US10488227B2 - Linear phase interpolation circuit - Google Patents

Linear phase interpolation circuit Download PDF

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US10488227B2
US10488227B2 US16/274,118 US201916274118A US10488227B2 US 10488227 B2 US10488227 B2 US 10488227B2 US 201916274118 A US201916274118 A US 201916274118A US 10488227 B2 US10488227 B2 US 10488227B2
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Omid Talebi Amiri
Armin Tajalli
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Kandou Labs SA
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    • GPHYSICS
    • G01MEASURING; TESTING
    • G01DMEASURING NOT SPECIALLY ADAPTED FOR A SPECIFIC VARIABLE; ARRANGEMENTS FOR MEASURING TWO OR MORE VARIABLES NOT COVERED IN A SINGLE OTHER SUBCLASS; TARIFF METERING APPARATUS; MEASURING OR TESTING NOT OTHERWISE PROVIDED FOR
    • G01D5/00Mechanical means for transferring the output of a sensing member; Means for converting the output of a sensing member to another variable where the form or nature of the sensing member does not constrain the means for converting; Transducers not specially adapted for a specific variable
    • G01D5/12Mechanical means for transferring the output of a sensing member; Means for converting the output of a sensing member to another variable where the form or nature of the sensing member does not constrain the means for converting; Transducers not specially adapted for a specific variable using electric or magnetic means
    • G01D5/244Mechanical means for transferring the output of a sensing member; Means for converting the output of a sensing member to another variable where the form or nature of the sensing member does not constrain the means for converting; Transducers not specially adapted for a specific variable using electric or magnetic means influencing characteristics of pulses or pulse trains; generating pulses or pulse trains
    • G01D5/24404Interpolation using high frequency signals
    • GPHYSICS
    • G05CONTROLLING; REGULATING
    • G05FSYSTEMS FOR REGULATING ELECTRIC OR MAGNETIC VARIABLES
    • G05F3/00Non-retroactive systems for regulating electric variables by using an uncontrolled element, or an uncontrolled combination of elements, such element or such combination having self-regulating properties
    • G05F3/02Regulating voltage or current
    • G05F3/08Regulating voltage or current wherein the variable is dc
    • G05F3/10Regulating voltage or current wherein the variable is dc using uncontrolled devices with non-linear characteristics
    • G05F3/16Regulating voltage or current wherein the variable is dc using uncontrolled devices with non-linear characteristics being semiconductor devices
    • G05F3/20Regulating voltage or current wherein the variable is dc using uncontrolled devices with non-linear characteristics being semiconductor devices using diode- transistor combinations
    • G05F3/26Current mirrors
    • G05F3/262Current mirrors using field-effect transistors only
    • HELECTRICITY
    • H03BASIC ELECTRONIC CIRCUITRY
    • H03HIMPEDANCE NETWORKS, e.g. RESONANT CIRCUITS; RESONATORS
    • H03H11/00Networks using active elements
    • H03H11/02Multiple-port networks
    • H03H11/16Networks for phase shifting
    • HELECTRICITY
    • H03BASIC ELECTRONIC CIRCUITRY
    • H03KPULSE TECHNIQUE
    • H03K5/00Manipulating of pulses not covered by one of the other main groups of this subclass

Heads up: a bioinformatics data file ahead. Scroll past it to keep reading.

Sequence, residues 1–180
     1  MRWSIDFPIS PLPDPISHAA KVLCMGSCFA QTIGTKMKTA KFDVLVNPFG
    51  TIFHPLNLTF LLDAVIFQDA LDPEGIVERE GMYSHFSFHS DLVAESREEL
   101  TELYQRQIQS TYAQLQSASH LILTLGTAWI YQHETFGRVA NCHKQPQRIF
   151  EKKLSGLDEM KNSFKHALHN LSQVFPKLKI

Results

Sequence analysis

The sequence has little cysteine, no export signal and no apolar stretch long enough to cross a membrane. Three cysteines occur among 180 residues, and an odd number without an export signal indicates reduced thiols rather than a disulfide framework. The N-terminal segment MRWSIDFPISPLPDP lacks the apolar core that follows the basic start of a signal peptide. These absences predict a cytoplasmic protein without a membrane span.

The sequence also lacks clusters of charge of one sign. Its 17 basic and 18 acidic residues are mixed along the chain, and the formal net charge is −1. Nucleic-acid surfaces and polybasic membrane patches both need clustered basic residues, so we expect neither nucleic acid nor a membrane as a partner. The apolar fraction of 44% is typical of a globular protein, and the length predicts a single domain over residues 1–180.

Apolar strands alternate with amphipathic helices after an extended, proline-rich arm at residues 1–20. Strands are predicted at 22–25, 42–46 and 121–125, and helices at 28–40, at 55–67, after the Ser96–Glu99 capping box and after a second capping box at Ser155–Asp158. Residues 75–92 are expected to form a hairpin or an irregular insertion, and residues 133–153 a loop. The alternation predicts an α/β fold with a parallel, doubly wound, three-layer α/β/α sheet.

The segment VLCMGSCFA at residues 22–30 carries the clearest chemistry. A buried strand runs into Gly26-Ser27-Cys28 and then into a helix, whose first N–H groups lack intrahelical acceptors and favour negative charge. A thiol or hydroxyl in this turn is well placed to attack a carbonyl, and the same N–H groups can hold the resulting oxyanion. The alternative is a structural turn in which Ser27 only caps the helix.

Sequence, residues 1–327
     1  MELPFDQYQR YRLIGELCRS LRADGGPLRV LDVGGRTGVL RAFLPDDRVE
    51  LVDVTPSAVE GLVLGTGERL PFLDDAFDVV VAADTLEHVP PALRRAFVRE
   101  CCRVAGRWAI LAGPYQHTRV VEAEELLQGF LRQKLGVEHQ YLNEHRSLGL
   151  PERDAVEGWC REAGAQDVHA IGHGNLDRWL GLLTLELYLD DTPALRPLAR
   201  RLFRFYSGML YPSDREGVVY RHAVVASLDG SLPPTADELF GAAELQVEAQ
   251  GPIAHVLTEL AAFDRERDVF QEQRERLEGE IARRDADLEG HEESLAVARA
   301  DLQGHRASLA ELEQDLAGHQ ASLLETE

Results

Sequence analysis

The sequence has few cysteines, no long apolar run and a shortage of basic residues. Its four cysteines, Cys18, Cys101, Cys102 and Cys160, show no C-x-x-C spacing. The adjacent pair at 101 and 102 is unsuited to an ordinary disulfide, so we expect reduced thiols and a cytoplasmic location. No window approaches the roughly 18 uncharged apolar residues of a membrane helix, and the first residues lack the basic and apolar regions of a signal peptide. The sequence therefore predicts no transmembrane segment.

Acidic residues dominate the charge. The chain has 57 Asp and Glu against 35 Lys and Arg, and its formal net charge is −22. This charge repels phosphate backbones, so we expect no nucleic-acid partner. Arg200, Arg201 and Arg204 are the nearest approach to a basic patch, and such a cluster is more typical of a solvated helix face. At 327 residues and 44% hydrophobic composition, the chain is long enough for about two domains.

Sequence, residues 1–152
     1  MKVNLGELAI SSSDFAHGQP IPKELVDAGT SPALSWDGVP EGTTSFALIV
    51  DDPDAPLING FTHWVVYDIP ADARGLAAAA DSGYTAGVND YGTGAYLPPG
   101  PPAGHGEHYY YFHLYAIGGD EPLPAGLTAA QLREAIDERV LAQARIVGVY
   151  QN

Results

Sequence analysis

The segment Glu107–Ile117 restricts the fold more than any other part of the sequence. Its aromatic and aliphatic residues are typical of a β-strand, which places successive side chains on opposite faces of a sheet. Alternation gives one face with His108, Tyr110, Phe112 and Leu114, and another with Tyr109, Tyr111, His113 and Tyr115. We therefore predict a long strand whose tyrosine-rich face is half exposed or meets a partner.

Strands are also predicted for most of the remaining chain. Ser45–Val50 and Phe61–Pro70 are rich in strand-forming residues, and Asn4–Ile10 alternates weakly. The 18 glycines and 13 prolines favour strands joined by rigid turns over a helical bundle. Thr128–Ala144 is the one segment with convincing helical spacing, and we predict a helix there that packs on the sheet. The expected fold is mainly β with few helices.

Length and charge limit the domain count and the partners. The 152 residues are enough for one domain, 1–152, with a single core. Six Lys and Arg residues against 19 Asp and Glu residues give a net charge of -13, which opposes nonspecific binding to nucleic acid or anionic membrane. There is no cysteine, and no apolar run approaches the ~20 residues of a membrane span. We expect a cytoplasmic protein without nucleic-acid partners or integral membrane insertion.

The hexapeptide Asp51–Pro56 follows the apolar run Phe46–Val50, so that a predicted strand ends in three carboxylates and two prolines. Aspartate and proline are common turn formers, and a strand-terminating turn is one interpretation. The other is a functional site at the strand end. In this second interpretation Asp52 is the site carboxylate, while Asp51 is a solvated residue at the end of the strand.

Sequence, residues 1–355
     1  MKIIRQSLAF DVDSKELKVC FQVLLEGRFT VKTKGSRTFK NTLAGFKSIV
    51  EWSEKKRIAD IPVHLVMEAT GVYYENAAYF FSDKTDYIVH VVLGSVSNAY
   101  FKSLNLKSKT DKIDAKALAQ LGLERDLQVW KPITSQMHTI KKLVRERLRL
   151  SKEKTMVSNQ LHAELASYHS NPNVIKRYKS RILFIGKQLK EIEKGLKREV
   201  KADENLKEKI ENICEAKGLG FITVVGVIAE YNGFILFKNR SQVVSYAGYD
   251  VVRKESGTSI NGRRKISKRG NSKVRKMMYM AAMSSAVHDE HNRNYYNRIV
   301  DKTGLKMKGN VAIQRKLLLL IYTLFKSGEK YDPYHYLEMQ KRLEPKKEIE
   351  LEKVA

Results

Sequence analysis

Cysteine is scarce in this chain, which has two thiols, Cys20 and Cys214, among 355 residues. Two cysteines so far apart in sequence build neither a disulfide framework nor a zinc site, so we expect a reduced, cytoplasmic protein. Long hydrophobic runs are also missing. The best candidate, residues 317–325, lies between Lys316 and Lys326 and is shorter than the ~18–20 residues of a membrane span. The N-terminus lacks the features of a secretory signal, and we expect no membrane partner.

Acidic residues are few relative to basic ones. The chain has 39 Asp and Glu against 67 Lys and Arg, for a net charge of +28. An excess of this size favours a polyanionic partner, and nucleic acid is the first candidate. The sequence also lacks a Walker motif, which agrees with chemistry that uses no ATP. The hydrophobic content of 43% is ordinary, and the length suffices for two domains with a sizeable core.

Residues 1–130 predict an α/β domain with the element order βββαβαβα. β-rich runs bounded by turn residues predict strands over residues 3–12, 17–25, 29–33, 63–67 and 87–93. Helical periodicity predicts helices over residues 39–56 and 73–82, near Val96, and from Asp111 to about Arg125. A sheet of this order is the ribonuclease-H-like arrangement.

• H03K5/13Arrangements having a single output and transforming input signals into pulses delivered at desired time intervals
    • HELECTRICITY
    • H03BASIC ELECTRONIC CIRCUITRY
    • H03KPULSE TECHNIQUE
    • H03K5/00Manipulating of pulses not covered by one of the other main groups of this subclass
    • H03K2005/00013Delay, i.e. output pulse is delayed after input pulse and pulse length of output pulse is dependent on pulse length of input pulse
    • H03K2005/00019Variable delay
    • H03K2005/00026Variable delay controlled by an analog electrical signal, e.g. obtained after conversion by a D/A converter
    • H03K2005/00052Variable delay controlled by an analog electrical signal, e.g. obtained after conversion by a D/A converter by mixing the outputs of fixed delayed signals with each other or with the input signal

Abstract

Methods and systems are described for receiving a control step input at a binary-to-thermometer decoder and responsively generating bits of a thermometer codeword representative of the control step input, providing the bits of the thermometer codeword to a plurality of differential pairs comprising a first transistor and a second transistor, each differential pair configurable for one of directing current to an in-phase (I) common node or directing current to a quadrature phase (Q) common node and switching between directing current to the I common node and the Q common node, and forming an output signal based on current drawn through the I and Q common nodes, the output signal having an intermediate phase with respect to a first and a second reference signal.

Description

CROSS-REFERENCE TO RELATED APPLICATIONS

This application is a continuation of U.S. application Ser. No. 15/675,412, filed Aug. 11, 2017, entitled “Phase Interpolation Circuit”, naming Omid Talebi Amiri, which is hereby incorporated by reference in its entirety for all purposes.

REFERENCES

The following prior applications are herein incorporated by reference in their entirety for all purposes:

  • U.S. patent application Ser. No. 14/925,686, filed Oct. 28, 2015, naming Armin Tajalli, entitled “Enhanced Phase Interpolation Circuit”, hereinafter identified as [Tajalli I].